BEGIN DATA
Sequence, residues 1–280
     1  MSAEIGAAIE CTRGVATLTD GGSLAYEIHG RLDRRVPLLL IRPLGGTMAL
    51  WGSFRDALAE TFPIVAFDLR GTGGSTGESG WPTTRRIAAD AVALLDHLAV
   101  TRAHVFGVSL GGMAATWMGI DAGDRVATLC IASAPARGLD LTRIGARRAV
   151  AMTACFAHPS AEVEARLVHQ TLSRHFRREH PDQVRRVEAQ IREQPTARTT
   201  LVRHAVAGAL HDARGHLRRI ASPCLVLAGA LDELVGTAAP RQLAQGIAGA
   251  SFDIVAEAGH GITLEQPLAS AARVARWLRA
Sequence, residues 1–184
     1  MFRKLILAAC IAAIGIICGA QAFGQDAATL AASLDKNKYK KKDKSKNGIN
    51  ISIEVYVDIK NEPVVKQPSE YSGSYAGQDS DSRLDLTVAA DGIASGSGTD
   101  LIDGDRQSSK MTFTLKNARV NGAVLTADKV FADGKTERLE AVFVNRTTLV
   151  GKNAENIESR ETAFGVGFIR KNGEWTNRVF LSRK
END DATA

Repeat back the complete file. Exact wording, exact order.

Sequence, residues 1–280
     1  MSAEIGAAIE CTRGVATLTD GGSLAYEIHG RLDRRVPLLL IRPLGGTMAL
    51  WGSFRDALAE TFPIVAFDLR GTGGSTGESG WPTTRRIAAD AVALLDHLAV
   101  TRAHVFGVSL GGMAATWMGI DAGDRVATLC IASAPARGLD LTRIGARRAV
   151  AMTACFAHPS AEVEARLVHQ TLSRHFRREH PDQVRRVEAQ IREQPTARTT
   201  LVRHAVAGAL HDARGHLRRI ASPCLVLAGA LDELVGTAAP RQLAQGIAGA
   251  SFDIVAEAGH GITLEQPLAS AARVARWLRA
Sequence, residues 1–184
     1  MFRKLILAAC IAAIGIICGA QAFGQDAATL AASLDKNKYK KKDKSKNGIN
    51  ISIEVYVDIK NEPVVKQPSE YSGSYAGQDS DSRLDLTVAA DGIASGSGTD
   101  LIDGDRQSSK MTFTLKNARV NGAVLTADKV FADGKTERLE AVFVNRTTLV
   151  GKNAENIESR ETAFGVGFIR KNGEWTNRVF LSRK